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When the FDA Met CBD: What Comes Next?

Posted by Jessica McElfresh, Esq. | Jun 19, 2019 | 0 Comments

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CBD, or cannabidiol, is common, especially on the West Coast.  CBD is also an ingredient in Epidiolex, the one Food and Drug Administration (FDA) approved pharmaceutical containing CBD on the market in the United States.  The FDA has long maintained that CBD is legal only in an Epidiolex-type scenario, meaning a pharmaceutical drug available only by prescription. However, faced with relentless public pressure and likely the reality of CBD everywhere, including in a topical in CVS and Walgreens, the FDA is opening the door to regulating CBD.

The FDA regulates food, drugs, and supplements, and is charged with ensuring public safety.  Currently, the FDA views CBD as a controlled substance or drug, and not as a supplement or a food additive.  Thus, the FDA maintains that today, CBD is illegal as a supplement or food additive. The FDA is also concerned whether people can safely consumer CBD regularly or in large amounts.  For example, the FDA requires Epidiolex to have a warning about possible side effects, including liver damage. The FDA despises specious or unsupported health claims about CBD, such that it can cure cancer or Alzheimer's.  For this reason, the FDA has sent cease-and-desist letters to companies making these sorts of claims about CBD.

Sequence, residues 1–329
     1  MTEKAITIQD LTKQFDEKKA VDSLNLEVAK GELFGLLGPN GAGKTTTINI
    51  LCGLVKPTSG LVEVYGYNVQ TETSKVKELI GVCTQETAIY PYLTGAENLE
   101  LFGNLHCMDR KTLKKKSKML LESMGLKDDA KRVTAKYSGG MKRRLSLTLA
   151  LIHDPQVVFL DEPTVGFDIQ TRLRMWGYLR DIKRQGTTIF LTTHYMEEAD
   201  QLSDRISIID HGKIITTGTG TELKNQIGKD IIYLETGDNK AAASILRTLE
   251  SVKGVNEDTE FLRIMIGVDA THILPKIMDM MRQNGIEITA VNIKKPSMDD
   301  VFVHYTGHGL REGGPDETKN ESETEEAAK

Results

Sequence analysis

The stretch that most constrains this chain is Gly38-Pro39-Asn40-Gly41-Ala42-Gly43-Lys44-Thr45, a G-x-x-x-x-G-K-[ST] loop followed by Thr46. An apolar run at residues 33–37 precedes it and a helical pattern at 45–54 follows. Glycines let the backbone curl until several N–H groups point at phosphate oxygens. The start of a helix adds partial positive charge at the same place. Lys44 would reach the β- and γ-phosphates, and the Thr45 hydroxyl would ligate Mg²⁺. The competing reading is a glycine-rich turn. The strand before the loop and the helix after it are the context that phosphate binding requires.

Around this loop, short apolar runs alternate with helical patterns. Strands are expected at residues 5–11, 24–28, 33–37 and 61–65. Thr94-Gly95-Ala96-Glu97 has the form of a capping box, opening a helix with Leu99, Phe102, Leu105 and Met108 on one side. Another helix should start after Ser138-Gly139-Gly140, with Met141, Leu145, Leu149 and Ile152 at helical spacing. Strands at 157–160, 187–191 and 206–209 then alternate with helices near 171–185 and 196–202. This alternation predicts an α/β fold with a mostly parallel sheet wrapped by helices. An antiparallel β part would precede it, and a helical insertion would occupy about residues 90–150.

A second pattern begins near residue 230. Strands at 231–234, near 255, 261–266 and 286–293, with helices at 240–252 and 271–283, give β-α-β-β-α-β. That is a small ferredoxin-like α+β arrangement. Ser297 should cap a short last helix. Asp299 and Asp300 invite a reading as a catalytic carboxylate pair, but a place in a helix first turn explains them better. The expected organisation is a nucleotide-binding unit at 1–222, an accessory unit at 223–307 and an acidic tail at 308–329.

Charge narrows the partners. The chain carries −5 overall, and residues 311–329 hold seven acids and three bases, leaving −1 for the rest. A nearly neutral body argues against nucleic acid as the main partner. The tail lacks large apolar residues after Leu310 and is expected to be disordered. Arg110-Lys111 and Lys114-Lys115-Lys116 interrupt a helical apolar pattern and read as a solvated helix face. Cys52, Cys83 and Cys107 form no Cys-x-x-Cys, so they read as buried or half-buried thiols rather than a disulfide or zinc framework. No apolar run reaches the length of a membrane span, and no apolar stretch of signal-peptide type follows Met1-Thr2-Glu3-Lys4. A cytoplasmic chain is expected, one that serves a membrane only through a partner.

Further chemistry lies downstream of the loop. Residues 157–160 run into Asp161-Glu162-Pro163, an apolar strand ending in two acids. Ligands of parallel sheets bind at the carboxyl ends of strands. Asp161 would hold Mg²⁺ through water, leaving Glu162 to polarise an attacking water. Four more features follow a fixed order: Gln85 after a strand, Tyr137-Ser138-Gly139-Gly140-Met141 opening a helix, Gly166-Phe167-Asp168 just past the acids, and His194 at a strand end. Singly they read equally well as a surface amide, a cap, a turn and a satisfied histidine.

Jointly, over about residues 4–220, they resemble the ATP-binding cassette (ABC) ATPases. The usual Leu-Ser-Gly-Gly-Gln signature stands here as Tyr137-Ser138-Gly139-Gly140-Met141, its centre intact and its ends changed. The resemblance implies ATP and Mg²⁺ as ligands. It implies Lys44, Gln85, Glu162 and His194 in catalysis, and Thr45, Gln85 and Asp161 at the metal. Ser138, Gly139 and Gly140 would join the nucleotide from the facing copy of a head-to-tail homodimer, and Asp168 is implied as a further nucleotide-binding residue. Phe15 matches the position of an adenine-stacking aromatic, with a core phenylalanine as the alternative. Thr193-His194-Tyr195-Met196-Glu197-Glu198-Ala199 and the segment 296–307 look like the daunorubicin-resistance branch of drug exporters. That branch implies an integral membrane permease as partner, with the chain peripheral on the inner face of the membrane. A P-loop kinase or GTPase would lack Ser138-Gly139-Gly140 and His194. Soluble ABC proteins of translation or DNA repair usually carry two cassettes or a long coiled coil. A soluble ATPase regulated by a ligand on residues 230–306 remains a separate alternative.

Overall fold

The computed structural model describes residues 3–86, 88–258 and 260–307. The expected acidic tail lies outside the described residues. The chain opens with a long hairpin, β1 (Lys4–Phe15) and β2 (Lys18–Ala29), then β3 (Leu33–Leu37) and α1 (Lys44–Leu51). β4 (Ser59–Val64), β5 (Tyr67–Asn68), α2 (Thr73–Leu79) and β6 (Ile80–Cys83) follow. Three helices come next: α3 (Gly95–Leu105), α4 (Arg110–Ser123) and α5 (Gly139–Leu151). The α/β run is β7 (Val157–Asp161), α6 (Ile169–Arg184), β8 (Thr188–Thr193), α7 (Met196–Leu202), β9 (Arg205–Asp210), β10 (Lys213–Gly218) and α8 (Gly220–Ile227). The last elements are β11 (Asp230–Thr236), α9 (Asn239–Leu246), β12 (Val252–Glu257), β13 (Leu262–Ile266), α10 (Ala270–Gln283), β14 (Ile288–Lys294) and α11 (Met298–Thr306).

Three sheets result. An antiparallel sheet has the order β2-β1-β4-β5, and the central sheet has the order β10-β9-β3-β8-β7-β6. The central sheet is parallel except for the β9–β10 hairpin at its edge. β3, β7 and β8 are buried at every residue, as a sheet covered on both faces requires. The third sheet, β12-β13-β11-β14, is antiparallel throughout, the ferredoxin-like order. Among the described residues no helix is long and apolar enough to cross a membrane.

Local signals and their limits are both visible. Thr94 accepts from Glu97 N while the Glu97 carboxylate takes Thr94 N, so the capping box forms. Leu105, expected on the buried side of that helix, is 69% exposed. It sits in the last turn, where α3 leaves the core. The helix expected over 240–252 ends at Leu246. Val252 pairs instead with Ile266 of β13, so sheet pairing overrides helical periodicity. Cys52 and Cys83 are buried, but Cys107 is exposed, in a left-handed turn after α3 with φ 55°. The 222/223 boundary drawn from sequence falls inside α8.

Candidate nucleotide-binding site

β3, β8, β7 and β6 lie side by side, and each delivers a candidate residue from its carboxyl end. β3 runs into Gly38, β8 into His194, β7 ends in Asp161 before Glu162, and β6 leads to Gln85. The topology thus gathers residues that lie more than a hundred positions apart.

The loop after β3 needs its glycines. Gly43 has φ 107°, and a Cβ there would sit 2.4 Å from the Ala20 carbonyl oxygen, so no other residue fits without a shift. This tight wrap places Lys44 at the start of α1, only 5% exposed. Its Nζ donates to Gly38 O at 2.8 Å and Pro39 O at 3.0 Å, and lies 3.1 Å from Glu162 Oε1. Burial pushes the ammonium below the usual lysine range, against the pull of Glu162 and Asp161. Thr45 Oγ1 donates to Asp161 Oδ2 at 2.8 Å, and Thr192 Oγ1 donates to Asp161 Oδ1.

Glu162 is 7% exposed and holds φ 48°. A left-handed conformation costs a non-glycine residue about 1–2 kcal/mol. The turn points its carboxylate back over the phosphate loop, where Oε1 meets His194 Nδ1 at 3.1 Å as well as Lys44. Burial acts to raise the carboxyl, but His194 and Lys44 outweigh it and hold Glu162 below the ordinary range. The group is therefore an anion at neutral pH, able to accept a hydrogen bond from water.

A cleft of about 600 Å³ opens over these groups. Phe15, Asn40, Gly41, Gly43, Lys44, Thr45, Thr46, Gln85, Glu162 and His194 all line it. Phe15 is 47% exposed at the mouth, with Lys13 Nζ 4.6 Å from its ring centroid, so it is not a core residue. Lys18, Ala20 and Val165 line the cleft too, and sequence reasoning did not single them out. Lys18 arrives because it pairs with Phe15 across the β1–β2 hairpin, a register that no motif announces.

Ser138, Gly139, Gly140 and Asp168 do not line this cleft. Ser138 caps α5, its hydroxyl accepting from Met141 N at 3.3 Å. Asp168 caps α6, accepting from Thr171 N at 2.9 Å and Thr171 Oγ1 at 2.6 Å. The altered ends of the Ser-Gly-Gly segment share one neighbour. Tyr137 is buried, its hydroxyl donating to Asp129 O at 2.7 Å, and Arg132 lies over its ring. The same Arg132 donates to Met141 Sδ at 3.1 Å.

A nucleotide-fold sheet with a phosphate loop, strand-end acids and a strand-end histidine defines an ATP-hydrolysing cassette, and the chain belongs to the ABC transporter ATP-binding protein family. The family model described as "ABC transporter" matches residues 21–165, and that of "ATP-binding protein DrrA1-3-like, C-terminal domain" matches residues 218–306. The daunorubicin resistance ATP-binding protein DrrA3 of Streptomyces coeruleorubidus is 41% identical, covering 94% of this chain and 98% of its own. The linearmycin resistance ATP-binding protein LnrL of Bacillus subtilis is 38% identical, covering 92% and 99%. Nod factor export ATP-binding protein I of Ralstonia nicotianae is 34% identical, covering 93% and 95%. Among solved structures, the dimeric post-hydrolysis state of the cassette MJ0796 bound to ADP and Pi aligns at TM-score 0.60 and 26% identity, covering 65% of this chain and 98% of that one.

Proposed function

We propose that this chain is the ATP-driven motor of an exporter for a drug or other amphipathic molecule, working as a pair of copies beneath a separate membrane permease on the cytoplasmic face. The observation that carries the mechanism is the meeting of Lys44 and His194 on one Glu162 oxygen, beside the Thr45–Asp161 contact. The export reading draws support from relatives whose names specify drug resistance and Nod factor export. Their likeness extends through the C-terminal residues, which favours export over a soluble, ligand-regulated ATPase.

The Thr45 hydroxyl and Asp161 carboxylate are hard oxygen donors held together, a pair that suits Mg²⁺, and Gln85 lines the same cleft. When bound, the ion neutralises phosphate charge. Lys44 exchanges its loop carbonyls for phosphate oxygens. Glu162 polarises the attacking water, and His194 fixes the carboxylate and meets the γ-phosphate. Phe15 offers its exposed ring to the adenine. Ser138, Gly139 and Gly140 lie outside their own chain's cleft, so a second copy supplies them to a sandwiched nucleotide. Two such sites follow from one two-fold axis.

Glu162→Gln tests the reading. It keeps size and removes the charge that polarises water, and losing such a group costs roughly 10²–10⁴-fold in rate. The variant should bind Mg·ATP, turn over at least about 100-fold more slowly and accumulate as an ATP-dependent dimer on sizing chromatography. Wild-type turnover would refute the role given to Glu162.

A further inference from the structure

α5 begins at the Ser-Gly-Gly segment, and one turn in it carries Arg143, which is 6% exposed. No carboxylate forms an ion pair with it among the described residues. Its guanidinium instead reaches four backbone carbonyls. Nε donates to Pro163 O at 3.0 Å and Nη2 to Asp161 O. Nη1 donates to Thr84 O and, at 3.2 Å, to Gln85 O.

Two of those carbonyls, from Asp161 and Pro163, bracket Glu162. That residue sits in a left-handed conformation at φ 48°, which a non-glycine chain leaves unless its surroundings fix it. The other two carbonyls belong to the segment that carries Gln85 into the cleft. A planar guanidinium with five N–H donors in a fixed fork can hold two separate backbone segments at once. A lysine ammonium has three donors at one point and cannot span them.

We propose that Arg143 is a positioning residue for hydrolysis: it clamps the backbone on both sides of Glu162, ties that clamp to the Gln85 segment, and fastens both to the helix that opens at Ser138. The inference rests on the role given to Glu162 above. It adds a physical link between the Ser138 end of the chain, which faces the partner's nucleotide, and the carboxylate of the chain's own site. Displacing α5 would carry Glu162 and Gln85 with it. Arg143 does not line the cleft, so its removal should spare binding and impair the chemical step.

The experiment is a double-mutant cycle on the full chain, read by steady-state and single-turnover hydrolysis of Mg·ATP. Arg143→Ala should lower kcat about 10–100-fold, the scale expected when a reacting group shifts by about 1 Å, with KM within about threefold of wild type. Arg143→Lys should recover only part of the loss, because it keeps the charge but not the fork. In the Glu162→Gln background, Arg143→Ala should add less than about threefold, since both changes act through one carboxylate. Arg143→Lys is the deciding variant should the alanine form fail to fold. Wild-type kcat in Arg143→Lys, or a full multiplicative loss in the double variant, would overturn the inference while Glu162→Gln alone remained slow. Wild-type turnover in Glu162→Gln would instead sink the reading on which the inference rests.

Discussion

Though concerned about exaggerated claims and safety, the FDA has indicated it may introduce regulations for CBD relatively rapidly.  For example, the FDA held its first public hearing about CBD on May 31, 2019. Stakeholders including scientists, consumers, and companies that make CBD products spoke for nearly ten hours.  People asked for regulations to allow them to market their products legally in the eyes of the FDA, both as supplements and possibly as drugs. Others pushed for more research, consistent labeling, and standardized manufacturing practices to ensure products with consistent dosages and quality.  The hearing also highlighted that some CBD products make inaccurate claims, such as containing far less CBD than the label states. The FDA is also accepting written comments through July 2, 2019: https://www.regulations.gov/docket?D=FDA-2019-N-1482

As for next steps, the FDA will not specify a timeline.  The agency remains concerned about how much CBD is safe to consume, how it interacts with medicines, does long-term exposure put people at risk, and is it safe for children, pregnant women, and the elderly.  Another question is whether to regulate CBD products on two different tracks, one stringent one for drugs and one more relaxed for supplements. Answering these questions to the satisfaction of the FDA will require more research and could take years.

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